Does Pu’erh Increase in Value? Part 2. Landmark Years & Dayi Special Productions: A Look at Price

To some extent all pu’erh moves together in the market. When the pu’erh bust hit in 2007, teas across the board were hit. Raw tea, ripe tea, Dayi, Changtai, Lao Banzhang, Yiwu.. Of course this is only part of the picture. In the bust’s case, not everything was hit equally and teas definitely didn’t all recover at the same rate.. Some teas rebounded in a year or two, far more quickly than others. Others slowly creeped back up in five or six years and some teas and brands have never recovered.

Concept: Similar Teas Move in Similar Patterns

One naive assumption is the idea that all teas (and their batches) are independent of one another and don’t move up and down in the market together. Under this guise, a tea could go up in price because someone gave it a positive review but that it wouldn’t have any impact on any other teas. This is flawed thinking and teas that are similar to one another tend to move in tandem and are likely affected by the same market forces. If 2012 7542 201 goes down 25% in price, there’s an extremely strong chance that 2012 7542 202 and also 2011 7542 will fall in price. It’s less likely that 2003 8582 goes down and even less likely that a 2017 Xiaguan production would go down in price. Things like odd batches can add some noisiness to this but shouldn’t distract from the overall pattern. A 2005 8582 504 batch sells for considerably more (~2x) than the 501 or 502 batch and correlates less than the other 2005 8582 batches.

  • A political example of positive correlation would be that some states tend to vote similarly to other states with similar demographics. For instance, there is a higher correlation in the way Wisconsin and Minnesota tend to vote than New York and Alabama (two states with very different demographics).

Similar Teas Tend to Move Up & Down in Price in Conjunction. 1.0 indicates a a high correlation, -1.0 indicates a negative correlation, and 0.0 indicates no correlation.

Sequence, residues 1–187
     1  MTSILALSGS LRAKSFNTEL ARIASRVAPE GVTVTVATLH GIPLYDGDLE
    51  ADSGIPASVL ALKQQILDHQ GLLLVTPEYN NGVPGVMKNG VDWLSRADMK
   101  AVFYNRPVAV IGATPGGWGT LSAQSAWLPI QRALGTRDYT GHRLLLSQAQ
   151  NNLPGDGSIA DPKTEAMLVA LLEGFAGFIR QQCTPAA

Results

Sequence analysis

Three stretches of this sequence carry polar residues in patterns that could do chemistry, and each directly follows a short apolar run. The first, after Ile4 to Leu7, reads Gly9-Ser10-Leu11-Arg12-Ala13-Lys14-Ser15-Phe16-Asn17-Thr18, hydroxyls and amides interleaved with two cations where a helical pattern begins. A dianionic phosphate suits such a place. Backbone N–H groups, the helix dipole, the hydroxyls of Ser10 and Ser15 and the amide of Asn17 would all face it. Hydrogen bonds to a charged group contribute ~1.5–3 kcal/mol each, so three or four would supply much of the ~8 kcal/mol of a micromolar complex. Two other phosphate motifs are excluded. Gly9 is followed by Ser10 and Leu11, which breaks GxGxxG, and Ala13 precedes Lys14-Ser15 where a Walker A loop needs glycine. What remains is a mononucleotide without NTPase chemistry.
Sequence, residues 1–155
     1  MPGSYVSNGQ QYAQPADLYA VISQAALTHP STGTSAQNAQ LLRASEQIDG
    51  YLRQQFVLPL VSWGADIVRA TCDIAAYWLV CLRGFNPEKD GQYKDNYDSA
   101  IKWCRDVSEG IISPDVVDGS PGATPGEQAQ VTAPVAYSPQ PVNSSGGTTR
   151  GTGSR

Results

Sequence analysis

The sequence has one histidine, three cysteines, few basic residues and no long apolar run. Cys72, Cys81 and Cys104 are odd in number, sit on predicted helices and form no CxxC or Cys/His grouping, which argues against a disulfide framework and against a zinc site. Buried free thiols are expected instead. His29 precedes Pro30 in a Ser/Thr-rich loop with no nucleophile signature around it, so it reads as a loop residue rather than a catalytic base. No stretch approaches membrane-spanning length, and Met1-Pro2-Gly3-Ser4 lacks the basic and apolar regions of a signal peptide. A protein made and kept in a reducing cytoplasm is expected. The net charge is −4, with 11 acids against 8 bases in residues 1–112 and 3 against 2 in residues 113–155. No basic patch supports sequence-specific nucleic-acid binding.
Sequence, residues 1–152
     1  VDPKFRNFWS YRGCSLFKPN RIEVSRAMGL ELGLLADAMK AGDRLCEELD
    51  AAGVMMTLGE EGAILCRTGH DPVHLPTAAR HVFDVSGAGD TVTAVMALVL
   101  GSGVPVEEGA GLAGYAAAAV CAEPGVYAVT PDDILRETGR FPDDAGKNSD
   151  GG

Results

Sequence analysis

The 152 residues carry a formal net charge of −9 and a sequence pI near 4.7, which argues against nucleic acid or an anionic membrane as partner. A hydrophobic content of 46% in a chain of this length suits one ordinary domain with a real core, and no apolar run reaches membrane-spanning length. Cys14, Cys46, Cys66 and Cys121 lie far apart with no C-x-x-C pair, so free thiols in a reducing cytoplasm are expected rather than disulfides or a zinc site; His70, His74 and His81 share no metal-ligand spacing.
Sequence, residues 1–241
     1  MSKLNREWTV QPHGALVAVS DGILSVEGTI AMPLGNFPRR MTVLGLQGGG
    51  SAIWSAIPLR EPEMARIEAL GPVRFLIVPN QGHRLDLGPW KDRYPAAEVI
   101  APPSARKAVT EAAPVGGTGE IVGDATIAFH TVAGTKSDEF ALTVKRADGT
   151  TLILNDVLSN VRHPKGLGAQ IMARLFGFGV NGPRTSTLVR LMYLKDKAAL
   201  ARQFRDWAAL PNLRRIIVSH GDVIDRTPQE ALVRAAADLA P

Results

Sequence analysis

Dayi Correlation Table

Methodology

In order to get some idea about which teas tend to move in the market in tandem, I used Donghe’s pricing data twice a year since the latter half of 2013 and compared seventeen different teas. The data is limited due to the timeframe and because I didn’t want to spend an outrageous amount of time crunching numbers in a spreadsheet.

I calculated the correlation between the pricing data. From here we can see what teas correlated most closely with one another.. It’s an intentionally mish-mashed mix of teas, but I tried to include a few special productions as well as cover a range of common recipes.

  • 2011 Jindayi
  • 2003 Jindayi
  • 2012 Bulang Kongque
  • 2006 Bulang Kongque
  • 2012 Longteng Shengshi
  • 2008 Da Jingdian
  • 2006 Jinse Yunxiang
  • 2012 7572
  • 2008 7572
  • 2006 7572
  • 2012 7542
  • 2008 7542
  • 2006 7542
  • 2004 7542 (Red)
  • 2006 8582
  • 2004 8582

Correlation Between Teas Supports the Idea that 2004 is Probably a Landmark Year

They just don’t make em like they used to. A popular belief amongst pu’erh nerds is that Menghai Tea Factory productions shifted for the worst around 2004. This purportedly comes from significant management changes and a need to raise their supply (consequently lowering quality) to meet the rising pu’erh hype..

In the previous article we observed that earlier versions of recipes (7542, 7572, 8582) were all more expensive, with big spikes occurring in the early to mid 2000s. Is this simply a matter of the younger versions needing more time or is something else at work here?

Most similar teas in correlation factor for 2012, 2008, 2006, and Red 2004 7542 Productions

Tea Most Similar Tea 2nd Most Similar Tea 3rd Most Similar Tea